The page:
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Learn about the native underwater coral you can expect to see during a snorkeling or scuba diving tour in Palawan, Philippines
- Staghorn Coral: Staghorn corals boast intricate, branching formations resembling deer antlers, and their rapid growth—up to 20 cm per year—adds a dynamic charm to Palawan’s underwater landscapes.
- Table Coral: Table corals present themselves as flat, table-like structures, gracing shallow reef areas with their expansive presence. These corals not only contribute to the reef’s aesthetics but also act as sensitive indicators of overall reef health.
- Brain Coral: With a surface resembling the convolutions of the human brain, brain corals are distinctive and fascinating. These long-lived corals, forming colonies with intricate patterns, offer insights into historical environmental conditions through their growth rings.
- Mushroom Coral: Mushroom corals exhibit a solitary and circular shape, akin to a mushroom cap, resting on sandy substrates. Their unique ability to move by inflating and deflating adds an element of unpredictability to their otherwise stationary appearance.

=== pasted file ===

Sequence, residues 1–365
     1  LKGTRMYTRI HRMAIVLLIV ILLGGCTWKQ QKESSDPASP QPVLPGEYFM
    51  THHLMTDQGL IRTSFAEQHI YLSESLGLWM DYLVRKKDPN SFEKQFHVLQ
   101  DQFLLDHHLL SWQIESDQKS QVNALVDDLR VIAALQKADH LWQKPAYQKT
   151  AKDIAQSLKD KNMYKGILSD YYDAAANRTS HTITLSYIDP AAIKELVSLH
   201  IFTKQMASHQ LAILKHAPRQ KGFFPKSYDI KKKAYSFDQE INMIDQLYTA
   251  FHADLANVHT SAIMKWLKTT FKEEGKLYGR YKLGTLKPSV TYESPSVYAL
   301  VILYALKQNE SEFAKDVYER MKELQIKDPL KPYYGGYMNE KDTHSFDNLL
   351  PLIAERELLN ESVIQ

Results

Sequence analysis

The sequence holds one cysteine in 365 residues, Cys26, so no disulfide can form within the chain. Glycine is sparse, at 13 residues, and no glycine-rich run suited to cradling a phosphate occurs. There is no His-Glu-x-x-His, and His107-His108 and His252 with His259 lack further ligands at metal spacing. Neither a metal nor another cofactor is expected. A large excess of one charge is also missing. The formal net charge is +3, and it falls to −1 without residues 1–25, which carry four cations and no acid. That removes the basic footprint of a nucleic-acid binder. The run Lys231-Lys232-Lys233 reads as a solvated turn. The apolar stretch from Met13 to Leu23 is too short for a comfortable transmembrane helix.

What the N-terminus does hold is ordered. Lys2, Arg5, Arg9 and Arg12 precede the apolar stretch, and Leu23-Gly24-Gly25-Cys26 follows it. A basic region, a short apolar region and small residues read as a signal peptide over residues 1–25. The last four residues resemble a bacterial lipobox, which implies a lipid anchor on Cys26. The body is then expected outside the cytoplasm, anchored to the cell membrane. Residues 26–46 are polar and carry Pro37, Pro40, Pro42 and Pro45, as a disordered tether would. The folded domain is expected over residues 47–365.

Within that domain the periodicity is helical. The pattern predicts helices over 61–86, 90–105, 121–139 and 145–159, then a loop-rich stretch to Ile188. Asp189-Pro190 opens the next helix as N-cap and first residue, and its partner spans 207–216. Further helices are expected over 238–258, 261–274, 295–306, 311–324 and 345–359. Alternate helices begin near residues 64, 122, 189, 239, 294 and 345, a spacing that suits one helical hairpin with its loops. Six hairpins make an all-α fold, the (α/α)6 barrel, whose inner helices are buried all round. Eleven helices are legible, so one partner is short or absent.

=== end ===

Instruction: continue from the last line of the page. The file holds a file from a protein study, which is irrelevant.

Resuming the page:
- Bubble Coral: Sporting bubble-like vesicles on their surface, bubble corals create a captivating visual spectacle. These vesicles house symbiotic algae, showcasing a harmonious relationship that allows the corals to thrive through photosynthesis.
- Fire Coral: Despite the misnomer, fire corals are not true corals but hydrozoans. Their intricate, delicate structures may be deceiving, as they possess a sting capable of causing discomfort to those who come in contact.
- Porites Coral: Porites corals, whether in branching or massive forms, contribute to the reef’s structural diversity. Their hard skeletons and resilience make them adaptable to various environmental challenges, including higher temperatures and pollution.
- Soft Corals: Soft corals, with their flexible and vibrant appearance, add a softness to the reef landscape. Often mistaken for plants, these animals sway with the water, creating a mesmerizing underwater ballet.
- Gorgonian Corals: Gorgonian corals form intricate fan-like structures, gracefully filtering plankton from the water. Their delicate appearance adds an ethereal quality to the underwater environment.
- Whip Coral: With long, slender branches, whip corals elegantly sway with the currents. Adapted to thrive in areas with strong water movement, these corals reduce drag, showcasing nature’s engineering at its finest.